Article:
A casino is a public place where games of chance are played. Its customers gamble by placing chips (or other items of value) on various tables or slots and the house takes a percentage of their winnings. Some casinos also offer non-gambling entertainment such as floor shows and restaurants.

Casino gambling has a long history. It probably began as early as the 16th century, when a craze for dice-based games like astragali and carved six-sided dice were popular in Europe. However, a true casino as a central venue for multiple types of gambling did not appear until the 20th century, when casino owners realized they could attract gamblers by offering them more than just table games.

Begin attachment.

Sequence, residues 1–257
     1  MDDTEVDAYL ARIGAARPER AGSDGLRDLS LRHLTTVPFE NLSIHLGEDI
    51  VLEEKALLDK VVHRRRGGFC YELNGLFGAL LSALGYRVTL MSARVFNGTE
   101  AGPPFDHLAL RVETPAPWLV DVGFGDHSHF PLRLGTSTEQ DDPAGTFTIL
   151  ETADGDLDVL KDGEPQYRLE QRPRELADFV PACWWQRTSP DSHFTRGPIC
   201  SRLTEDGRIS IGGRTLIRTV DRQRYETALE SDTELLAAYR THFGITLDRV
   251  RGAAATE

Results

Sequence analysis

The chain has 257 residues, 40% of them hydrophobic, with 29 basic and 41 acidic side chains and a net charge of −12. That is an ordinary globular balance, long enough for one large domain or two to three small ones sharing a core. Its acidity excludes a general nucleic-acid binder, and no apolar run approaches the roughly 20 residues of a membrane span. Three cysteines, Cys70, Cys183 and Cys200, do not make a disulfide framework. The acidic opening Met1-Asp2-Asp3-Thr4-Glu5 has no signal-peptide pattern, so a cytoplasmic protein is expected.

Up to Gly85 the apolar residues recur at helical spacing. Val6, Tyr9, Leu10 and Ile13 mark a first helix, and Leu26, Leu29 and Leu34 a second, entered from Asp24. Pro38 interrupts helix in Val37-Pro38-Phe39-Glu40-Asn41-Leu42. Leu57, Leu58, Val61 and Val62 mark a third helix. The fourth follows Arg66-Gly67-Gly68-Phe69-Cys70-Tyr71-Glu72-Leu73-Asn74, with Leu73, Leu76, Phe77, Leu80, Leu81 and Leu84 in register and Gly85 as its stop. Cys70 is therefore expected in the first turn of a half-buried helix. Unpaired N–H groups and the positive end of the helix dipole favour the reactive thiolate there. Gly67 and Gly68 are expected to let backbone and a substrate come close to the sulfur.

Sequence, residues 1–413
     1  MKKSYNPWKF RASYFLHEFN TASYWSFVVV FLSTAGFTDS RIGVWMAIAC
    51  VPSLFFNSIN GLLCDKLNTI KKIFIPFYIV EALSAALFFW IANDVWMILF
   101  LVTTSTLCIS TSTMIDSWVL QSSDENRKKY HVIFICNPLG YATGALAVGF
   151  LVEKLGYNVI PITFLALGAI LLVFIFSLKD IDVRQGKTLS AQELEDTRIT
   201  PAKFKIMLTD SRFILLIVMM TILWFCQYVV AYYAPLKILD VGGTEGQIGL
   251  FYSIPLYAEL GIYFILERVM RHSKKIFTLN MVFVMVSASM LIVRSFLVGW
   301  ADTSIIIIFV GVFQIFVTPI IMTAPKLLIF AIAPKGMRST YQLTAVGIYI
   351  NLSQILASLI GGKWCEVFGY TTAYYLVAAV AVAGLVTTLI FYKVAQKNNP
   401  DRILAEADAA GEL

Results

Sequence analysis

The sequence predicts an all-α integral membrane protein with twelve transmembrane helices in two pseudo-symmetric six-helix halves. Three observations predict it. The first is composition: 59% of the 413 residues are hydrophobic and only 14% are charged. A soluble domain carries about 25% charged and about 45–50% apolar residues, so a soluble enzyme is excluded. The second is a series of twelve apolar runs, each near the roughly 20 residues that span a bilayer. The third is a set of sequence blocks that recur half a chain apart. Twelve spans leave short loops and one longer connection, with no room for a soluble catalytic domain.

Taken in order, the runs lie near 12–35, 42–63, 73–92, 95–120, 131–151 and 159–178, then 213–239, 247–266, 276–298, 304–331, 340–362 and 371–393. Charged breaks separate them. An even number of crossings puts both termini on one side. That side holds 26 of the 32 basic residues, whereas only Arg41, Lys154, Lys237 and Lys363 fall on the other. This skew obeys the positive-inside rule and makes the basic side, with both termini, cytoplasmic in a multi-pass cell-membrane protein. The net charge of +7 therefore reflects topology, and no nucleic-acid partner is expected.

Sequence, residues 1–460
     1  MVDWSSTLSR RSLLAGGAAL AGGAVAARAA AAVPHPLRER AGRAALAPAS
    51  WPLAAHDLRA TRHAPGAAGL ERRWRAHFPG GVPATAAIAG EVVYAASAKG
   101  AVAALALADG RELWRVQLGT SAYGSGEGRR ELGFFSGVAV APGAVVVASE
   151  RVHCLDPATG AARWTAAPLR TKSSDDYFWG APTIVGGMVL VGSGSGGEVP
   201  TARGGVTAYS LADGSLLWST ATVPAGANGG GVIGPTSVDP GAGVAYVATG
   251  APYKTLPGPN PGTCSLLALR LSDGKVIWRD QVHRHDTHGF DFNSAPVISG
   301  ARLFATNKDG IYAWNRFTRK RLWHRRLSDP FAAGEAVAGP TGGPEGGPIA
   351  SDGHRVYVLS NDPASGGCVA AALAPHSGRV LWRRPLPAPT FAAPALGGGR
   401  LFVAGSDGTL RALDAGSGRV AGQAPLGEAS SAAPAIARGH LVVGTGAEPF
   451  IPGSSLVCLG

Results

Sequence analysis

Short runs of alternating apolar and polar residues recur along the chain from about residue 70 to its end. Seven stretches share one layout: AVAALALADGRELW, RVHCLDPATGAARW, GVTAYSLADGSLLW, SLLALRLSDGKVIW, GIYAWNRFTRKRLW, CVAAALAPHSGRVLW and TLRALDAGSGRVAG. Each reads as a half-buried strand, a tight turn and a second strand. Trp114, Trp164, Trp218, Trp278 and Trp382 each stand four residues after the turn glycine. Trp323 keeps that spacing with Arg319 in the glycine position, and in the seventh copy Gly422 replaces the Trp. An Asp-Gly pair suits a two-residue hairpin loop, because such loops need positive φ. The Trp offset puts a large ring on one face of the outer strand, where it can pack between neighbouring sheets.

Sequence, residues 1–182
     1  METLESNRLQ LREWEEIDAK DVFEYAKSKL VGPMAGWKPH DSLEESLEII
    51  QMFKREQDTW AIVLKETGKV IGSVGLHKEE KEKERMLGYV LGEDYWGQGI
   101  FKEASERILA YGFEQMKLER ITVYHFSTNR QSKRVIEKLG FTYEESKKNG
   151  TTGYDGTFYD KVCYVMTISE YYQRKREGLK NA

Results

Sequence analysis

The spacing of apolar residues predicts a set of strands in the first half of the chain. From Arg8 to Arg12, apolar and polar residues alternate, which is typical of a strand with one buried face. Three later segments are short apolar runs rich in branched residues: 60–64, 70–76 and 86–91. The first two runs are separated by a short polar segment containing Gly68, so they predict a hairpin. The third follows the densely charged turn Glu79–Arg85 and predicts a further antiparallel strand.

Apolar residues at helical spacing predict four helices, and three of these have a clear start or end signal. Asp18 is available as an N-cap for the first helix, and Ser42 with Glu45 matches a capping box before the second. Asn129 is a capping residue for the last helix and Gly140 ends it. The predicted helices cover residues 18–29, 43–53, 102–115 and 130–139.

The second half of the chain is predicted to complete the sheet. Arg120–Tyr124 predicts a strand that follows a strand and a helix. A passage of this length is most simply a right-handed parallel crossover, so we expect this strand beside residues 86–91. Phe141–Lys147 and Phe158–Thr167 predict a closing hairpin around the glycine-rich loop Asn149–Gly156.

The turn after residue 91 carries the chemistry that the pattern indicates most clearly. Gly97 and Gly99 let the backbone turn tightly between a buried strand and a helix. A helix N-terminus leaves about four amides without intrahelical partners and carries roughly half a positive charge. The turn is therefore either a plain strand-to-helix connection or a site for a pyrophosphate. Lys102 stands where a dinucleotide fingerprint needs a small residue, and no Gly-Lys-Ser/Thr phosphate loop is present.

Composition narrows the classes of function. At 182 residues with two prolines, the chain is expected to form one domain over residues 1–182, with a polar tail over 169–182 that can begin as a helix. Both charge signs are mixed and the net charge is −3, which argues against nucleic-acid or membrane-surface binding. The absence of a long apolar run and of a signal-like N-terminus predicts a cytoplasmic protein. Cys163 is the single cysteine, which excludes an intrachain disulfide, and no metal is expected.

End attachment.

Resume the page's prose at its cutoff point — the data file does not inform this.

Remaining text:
In addition to the standard games of chance, many casinos offer more complex games with an element of skill such as blackjack, poker, and baccarat. These games are often referred to as casino card games, but are distinguished from regular card games like bridge and pinochle by the fact that the cards are dealt by a professional dealer rather than by players.

Gambling is a highly social activity, and casinos are designed around noise, light, and excitement to encourage players. A variety of other incentives are also offered to keep patrons playing, such as free drinks and all-you-can-eat buffets. In the modern age, some casinos focus their efforts on high rollers and other large gamblers, who are often given a separate room to gamble in, free food and drinks, and other perks.